Photo Credit: YouTube
OLED has superior color accuracy and contrast than LCD. However, OLED TVs burn-in. Burn-in comes from CRT TVs. The phosphor coating of a CRT TV degrades unevenly over months or years of showing a static image. This causes dark patches on the TV and permanent image retention—a ghostly picture that stays on the TV even when it’s off.
Burn-in affected computer users most. Most computer monitor content, notably taskbars and menus, is static. Screensavers decreased burn-in, saved users from waiting for their monitors to warm up, and showed that a computer was working.
Photo Credit: New Haven Display
Yet, newer LCD screens rarely have image persistence. Since LCD liquid crystals naturally want to rest, this issue usually fixes itself.
OLED technology should improve this. OLEDs are more susceptible to “burn-in” or “image persistence” than LCDs. Image burn-in is a major concern for OLED buyers, especially those using them as computer monitors. Manufacturers are working to eliminate this issue.
Why Do OLED Displays Burn-In?
OLED displays emit light without a backlight. OLEDs. Organic material in OLED display pixels is charged to produce light. This self-emissive architecture improves OLED color accuracy. Pixels may independently dim or turn off to provide a genuine “black” hue, giving OLED displays a far higher contrast ratio than LCD.
Sadly, the organic light-emitting substance in OLED pixels slowly decays and dims. Static content, especially brilliant white content, can accelerate OLED display pixel deterioration, resulting in dull, image-like areas.
OLED displays seldom burn-in from continuous viewing. Cumulative viewing usually causes it. If you watch CNN for a few hours a day, the logo is white, the news anchors are sitting against a dark background, and neither moves much. Hence, the center and corners of your OLED panel may decay faster and may become dull or retain images.
OLED burn-in may not be noticeable if you watch a lot of movies or episodes because OLED TV pixels decay evenly. Burn-in is more likely in people who watch the news, play games, or use an OLED computer monitor because these video sources provide bright, static images.
When does the OLED Burn-In Happen?
This equation includes brightness, on-screen content, and TV firmware. With 5,000 hours of static image display, most experts expect OLED burn-in. The 5,000-hour estimate may be outdated because most photos are not static. Newer OLED screens are less prone to burn-in.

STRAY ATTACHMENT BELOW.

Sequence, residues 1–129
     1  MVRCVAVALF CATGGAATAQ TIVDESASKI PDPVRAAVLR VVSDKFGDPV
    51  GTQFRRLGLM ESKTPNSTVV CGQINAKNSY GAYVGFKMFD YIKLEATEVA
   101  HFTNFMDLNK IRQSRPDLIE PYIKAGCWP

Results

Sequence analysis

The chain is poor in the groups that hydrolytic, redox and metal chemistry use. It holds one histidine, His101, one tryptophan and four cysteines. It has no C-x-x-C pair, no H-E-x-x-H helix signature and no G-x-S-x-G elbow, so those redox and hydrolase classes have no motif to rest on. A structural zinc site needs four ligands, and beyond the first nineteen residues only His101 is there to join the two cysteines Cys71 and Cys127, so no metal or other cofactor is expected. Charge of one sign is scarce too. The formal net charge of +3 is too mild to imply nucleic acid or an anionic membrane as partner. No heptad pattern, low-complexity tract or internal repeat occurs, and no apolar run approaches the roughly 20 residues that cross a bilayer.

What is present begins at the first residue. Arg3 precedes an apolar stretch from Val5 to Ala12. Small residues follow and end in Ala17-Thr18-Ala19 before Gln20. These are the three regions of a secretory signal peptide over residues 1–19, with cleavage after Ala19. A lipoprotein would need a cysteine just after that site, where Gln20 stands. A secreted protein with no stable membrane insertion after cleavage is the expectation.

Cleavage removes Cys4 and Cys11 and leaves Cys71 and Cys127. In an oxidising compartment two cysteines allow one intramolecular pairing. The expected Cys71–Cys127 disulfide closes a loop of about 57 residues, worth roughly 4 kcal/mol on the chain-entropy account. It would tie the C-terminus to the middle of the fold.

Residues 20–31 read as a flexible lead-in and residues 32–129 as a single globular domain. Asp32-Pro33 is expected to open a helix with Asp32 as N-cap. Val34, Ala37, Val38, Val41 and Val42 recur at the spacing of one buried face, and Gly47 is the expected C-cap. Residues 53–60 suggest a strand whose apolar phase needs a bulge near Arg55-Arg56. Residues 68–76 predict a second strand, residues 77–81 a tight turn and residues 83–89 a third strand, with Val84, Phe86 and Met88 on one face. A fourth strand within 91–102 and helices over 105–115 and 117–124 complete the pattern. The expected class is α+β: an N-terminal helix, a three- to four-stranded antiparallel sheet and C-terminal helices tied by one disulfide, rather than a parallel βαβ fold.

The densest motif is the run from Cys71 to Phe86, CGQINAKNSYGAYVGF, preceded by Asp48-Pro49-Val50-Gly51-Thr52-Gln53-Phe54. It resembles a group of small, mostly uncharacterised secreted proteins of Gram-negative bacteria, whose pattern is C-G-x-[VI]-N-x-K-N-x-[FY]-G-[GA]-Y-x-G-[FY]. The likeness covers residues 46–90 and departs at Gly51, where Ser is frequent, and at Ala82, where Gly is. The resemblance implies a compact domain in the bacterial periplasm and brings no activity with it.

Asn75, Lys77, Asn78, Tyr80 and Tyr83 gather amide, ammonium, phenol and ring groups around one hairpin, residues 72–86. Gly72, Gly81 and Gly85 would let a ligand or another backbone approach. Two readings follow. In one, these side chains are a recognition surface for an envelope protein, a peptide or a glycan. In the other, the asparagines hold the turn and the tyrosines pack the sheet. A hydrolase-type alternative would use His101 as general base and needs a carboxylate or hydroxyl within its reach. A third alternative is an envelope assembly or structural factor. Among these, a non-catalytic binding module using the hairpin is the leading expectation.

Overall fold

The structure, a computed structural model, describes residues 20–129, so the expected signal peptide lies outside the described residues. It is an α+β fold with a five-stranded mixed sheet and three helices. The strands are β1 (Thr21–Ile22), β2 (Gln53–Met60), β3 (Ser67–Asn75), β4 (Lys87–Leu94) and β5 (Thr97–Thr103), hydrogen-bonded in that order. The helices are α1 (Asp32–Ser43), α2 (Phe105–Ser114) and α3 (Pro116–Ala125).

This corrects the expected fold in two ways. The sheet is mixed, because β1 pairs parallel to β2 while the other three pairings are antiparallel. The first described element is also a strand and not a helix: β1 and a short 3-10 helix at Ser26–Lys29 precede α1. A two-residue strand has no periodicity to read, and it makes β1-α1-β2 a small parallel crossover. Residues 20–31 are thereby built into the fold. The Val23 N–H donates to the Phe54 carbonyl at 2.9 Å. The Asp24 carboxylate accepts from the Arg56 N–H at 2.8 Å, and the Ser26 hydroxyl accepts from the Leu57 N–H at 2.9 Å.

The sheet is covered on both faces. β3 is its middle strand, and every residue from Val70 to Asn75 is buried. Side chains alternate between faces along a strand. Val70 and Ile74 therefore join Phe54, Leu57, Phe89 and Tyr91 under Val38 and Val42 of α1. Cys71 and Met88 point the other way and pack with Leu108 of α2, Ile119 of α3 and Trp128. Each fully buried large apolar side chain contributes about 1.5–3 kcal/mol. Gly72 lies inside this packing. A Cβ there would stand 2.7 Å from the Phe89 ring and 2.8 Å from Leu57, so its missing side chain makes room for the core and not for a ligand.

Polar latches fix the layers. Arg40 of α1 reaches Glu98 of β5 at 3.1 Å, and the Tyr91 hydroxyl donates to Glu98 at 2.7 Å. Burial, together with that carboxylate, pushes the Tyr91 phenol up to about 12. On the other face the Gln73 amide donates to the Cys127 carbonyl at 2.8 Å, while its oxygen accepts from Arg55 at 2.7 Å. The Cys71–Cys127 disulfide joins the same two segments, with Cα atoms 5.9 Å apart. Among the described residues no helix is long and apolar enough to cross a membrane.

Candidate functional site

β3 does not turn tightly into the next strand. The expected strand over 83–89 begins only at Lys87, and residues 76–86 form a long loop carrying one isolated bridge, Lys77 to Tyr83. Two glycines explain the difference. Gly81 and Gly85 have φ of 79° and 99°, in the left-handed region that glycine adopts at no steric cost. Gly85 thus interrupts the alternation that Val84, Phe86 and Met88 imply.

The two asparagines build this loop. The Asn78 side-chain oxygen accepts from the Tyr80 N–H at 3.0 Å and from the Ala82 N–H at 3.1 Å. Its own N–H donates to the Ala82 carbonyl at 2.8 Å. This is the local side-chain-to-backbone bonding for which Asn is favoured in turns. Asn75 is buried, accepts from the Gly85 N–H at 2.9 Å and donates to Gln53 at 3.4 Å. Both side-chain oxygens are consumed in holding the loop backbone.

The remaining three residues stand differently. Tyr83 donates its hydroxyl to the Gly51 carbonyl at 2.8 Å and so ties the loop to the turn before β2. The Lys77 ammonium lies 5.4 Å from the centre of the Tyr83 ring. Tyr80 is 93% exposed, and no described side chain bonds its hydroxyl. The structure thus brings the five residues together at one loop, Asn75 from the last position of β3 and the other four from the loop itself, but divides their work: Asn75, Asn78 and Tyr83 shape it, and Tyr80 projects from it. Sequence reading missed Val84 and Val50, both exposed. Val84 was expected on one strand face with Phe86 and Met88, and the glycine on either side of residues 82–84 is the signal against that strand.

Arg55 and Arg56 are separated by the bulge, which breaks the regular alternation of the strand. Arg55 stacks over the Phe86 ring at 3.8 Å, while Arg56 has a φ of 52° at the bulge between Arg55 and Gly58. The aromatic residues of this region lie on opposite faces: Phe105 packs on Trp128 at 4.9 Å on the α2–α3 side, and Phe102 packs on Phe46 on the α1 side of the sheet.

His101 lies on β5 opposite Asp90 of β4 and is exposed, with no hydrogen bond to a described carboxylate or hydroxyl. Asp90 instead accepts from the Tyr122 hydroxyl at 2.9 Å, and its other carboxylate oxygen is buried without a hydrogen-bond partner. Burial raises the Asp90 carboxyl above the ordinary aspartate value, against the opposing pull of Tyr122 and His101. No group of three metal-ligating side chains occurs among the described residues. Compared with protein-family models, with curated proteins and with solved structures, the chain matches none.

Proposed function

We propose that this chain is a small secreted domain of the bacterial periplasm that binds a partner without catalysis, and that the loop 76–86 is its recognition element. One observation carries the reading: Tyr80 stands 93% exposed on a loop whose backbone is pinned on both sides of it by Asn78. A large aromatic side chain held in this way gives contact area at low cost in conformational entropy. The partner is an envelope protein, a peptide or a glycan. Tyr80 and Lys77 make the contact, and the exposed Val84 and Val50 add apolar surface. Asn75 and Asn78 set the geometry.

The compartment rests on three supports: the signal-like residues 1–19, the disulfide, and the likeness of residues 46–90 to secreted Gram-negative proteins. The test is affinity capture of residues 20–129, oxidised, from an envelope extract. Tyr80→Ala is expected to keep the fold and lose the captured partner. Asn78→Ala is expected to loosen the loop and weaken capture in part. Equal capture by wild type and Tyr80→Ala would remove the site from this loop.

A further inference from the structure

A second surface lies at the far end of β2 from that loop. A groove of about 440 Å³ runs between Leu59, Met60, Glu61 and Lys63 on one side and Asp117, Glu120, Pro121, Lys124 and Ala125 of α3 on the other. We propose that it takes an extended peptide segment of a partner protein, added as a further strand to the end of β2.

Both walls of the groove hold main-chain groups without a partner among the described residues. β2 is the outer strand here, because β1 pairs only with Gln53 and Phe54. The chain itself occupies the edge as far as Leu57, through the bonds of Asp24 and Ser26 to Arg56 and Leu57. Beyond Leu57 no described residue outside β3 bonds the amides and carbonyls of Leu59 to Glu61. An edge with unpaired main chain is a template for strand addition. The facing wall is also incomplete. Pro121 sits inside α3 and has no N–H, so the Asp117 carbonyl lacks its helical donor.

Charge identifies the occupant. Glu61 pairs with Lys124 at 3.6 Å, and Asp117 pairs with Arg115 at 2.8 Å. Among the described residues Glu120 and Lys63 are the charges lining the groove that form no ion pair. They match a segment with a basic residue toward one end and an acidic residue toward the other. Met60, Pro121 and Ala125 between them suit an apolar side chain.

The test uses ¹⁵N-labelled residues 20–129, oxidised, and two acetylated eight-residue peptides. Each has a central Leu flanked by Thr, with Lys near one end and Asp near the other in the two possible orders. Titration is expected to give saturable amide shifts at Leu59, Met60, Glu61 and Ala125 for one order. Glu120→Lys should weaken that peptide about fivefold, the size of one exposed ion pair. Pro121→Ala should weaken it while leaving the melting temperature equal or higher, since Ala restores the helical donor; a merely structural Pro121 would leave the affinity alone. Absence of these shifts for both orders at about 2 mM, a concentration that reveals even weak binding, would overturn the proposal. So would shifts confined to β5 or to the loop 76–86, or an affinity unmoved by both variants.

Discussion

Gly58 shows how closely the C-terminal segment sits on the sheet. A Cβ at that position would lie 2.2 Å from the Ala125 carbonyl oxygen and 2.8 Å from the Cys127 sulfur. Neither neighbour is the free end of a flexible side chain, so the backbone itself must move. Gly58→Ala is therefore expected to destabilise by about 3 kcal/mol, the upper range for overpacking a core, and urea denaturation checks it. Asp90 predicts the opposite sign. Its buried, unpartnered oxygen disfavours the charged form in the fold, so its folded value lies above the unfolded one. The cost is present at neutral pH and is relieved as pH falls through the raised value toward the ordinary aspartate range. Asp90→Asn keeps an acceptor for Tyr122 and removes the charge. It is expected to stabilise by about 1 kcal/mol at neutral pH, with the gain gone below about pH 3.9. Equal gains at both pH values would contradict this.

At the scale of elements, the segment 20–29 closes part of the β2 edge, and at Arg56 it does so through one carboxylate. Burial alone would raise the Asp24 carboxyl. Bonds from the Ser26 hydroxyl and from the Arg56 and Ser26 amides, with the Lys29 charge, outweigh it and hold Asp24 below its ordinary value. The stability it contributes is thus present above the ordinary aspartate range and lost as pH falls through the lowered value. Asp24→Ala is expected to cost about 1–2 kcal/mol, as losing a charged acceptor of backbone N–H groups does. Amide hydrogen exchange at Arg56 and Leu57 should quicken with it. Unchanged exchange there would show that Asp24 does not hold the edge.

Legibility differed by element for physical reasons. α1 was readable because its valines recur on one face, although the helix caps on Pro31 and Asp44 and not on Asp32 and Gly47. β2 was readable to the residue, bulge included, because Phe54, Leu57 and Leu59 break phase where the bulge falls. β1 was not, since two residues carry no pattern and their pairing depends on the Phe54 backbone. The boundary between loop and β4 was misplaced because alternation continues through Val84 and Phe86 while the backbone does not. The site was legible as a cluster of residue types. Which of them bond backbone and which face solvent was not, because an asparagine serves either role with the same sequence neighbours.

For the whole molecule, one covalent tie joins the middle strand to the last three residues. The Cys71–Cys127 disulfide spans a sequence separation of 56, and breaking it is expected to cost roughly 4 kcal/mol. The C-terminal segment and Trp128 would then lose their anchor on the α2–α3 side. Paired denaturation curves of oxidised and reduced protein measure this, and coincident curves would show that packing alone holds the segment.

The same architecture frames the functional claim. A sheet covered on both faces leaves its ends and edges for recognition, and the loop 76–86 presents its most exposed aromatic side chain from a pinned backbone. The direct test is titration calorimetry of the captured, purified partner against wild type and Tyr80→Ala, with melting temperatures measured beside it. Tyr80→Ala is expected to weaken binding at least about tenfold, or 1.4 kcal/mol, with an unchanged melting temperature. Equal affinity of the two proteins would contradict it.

Avoid burn-in-causing content and your OLED TV will last longer
LG OLED TVs last 100,000 hours, or 11 years of continuous watching. The U.S. Department of Energy Efficiency estimates OLED brightness is directly related to pixel deterioration, which is conservative. An OLED panel at maximum brightness lasts 30,000 hours (3.4 years) before “the light intensity falls to 70% of the starting value.”
Photo Credit: LG
Smartphone OLED screens should have a comparable longevity, which is heartening since phones are changed every two to three years.
How to prevent OLED Burn-In?
Early OLED screens were quite burn-in-prone. Few OLED manufacturers have found ways to circumvent this issue. Most OLED displays detect static material and wiggle it or modify its brightness using software, which reduces pixel wear and isn’t visible to the human eye.
After several hours of use, OLED panels may refresh their pixels. The screen can adjust for uneven pixel deterioration, but burn-in is still possible. Scanning and refreshing pixels may fix OLED burn-in, but it dims the display.
You can reduce TV brightness, switch it off, and use standby mode to prevent burn-in. If you don’t follow the news, play games, or use an OLED computer monitor, don’t do this.
LG Display’s OLED panels use white subpixel instead of RGB subpixel for brightness above 300 nits. LG Display claims an RTINGS research proves this decreases burn-in risk. LG Display makes most OLED TV panels, even for competitors.
Samsung, an OLED maker, argues the white subpixel lowers color fidelity. Unfortunately for Samsung, employing the white subpixel also brightens a TV. Since OLED is dimmer than LCD, many customers are ready to accept this exchange.
Photo Credit: CNET
Samsung launched a burn-in awareness campaign for OLED TVs. Instead of OLED, the company sold QLED Televisions. Samsung sells Quantum-Dot OLED Televisions.
QLED displays combine LCD brightness and dependability with OLED picture quality. QLED looks excellent and doesn’t burn-in, while OLED has inky blacks. Hisense and Sony sell QLED TVs, but Samsung makes QLED panels.